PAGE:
Etymology
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leak (n.)
"hole by which liquid enters or escapes," late 15c., from leak (v.) or Old Norse cognate leka. Sense of "revelation of secret information" is from 1950. Meaning "act of urination" is attested from 1934 ("Tropic of Cancer"); but the verb meaning "to piss" is from 1590s: "Why, you will allow vs ne're a Iourden [i.e. a chamberpot], and then we leake in your Chimney." ["I Hen. IV," II.i.22]
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retail (v.)

early 15c., retailen, "sell in small quantities or parcels," from the noun or from Old French retaillier "cut back, cut off, pare, clip, reduce, circumcise," from re- "back" (see re-) + taillier "to cut, trim" (see tailor (n.)). Sometimes also "to deal out (information, etc.) in small quantities; hand down by report; recount, tell over again" (1590s). Related: Retailed; retailing.

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phishing (n.)

"fraudulent attempt to obtain sensitive information such as usernames, passwords and credit card details by disguising oneself as a trustworthy entity in an electronic communication" [Wikipedia], by 2000 (many sources cite usage from 1995 among hackers, and the thing itself was active by then); an alteration of fishing (n.); perhaps by influence of phreak and the U.S. rock band Phish, which had been performing since 1983.

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hearsay (n.)
"information communicated by another, gossip," mid-15c., from phrase to hear say (Middle English heren seien, Old English herdon secgan). The notion is "hear (some people) say;" from hear (v.) + say (v.). As an adjective from 1570s. Hearsay evidence (1670s) is that which the witness gives not from his own perception but what was told to him. Compare similar formation in Dutch hooren zeggen, German hörensagen.
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spoiler (n.)
1530s, "one who robs or plunders," agent noun from spoil (v.). Meaning "one who mars another's chance at victory" is attested from 1950 in U.S. politics, perhaps from boxing. Aeronautics sense is from 1928, because the flap thwarts the "lift" on the plane; transferred to structures serving a similar purpose on speedboats (1957) and motor vehicles (1963). Meaning "information about the plot of a movie, etc., which might 'spoil' it for one who has not seen it" is attested by 1982.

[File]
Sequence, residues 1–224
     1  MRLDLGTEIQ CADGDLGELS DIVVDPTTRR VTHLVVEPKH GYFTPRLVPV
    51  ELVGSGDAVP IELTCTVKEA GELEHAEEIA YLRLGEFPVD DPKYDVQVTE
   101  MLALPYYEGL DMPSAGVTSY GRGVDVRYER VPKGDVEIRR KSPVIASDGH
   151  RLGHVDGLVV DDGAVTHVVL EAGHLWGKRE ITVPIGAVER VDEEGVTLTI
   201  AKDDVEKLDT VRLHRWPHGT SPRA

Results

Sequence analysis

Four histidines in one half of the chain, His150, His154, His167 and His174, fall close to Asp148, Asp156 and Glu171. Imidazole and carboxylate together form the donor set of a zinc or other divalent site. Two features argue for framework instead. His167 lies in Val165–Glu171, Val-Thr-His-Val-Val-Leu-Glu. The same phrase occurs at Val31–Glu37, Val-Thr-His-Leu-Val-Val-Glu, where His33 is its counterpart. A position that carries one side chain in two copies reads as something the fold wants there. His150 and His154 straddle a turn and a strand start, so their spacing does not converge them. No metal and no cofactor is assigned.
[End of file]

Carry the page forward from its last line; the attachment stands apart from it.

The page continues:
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broadcasting (n.)

1922, verbal noun from broadcast (v.).

Broadcasting, as distinct from wireless communication, may be said to have come into being about 1920. It may be defined as the systematic diffusion, by radio telephony, of music, lectures, drama, humour, news and information bulletins, speeches and ceremonies, pictures and other matter susceptible of appreciation by a scattered audience, individually or in groups, with appropriate receiving apparatus. [Encyclopedia Britannica, 1929]
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revelation (n.)

c. 1300, revelacioun, "disclosure of information or knowledge to man by a divine or supernatural agency," from Old French revelacion and directly from Latin revelationem (nominative revelatio), noun of action from past-participle stem of revelare "unveil, uncover, lay bare" (see reveal).

The general meaning "disclosure of facts to those previously unaware of them" is attested from late 14c.; meaning "striking disclosure" is from 1862. As the name of the last book of the New Testament (Revelation of St. John), it is attested from late 14c. (see apocalypse); as simply Revelations, it is recorded by 1690s.

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factoid (n.)

1973, "published statement taken to be a fact because of its appearance in print," from fact + -oid, first explained, if not coined, by Norman Mailer.

Factoids ... that is, facts which have no existence before appearing in a magazine or newspaper, creations which are not so much lies as a product to manipulate emotion in the Silent Majority. [Mailer, "Marilyn," 1973]

By 1988 it was being used in the sense of "small, isolated bit of true factual information."

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report (v.)

late 14c., "to make known, tell, relate," from Old French reporter "to tell, relate; bring back, carry away, hand over," from Latin reportare "carry back, bear back, bring back," figuratively "report," in Medieval Latin "write (an account) for information or record," from re- "back" (see re-) + portare "to carry" (from PIE root *per- (2) "to lead, pass over"). Early 15c. as "to submit" (to an authority, etc.). Meaning "to name someone as having offended somehow" is from 1885.

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tariff (n.)
1590s, "arithmetical table," also "official list of customs duties on imports or exports; law regulating import duties," from Italian tariffa "tariff, price, assessment," Medieval Latin tarifa "list of prices, book of rates," from Arabic ta'rif "information, notification, a making known; inventory of fees to be paid," verbal noun from arafa "he made known, he taught." Sense of "classified list of charges made in a business" is recorded from 1757. The U.S. Tariff of Abominations was passed in 1828.
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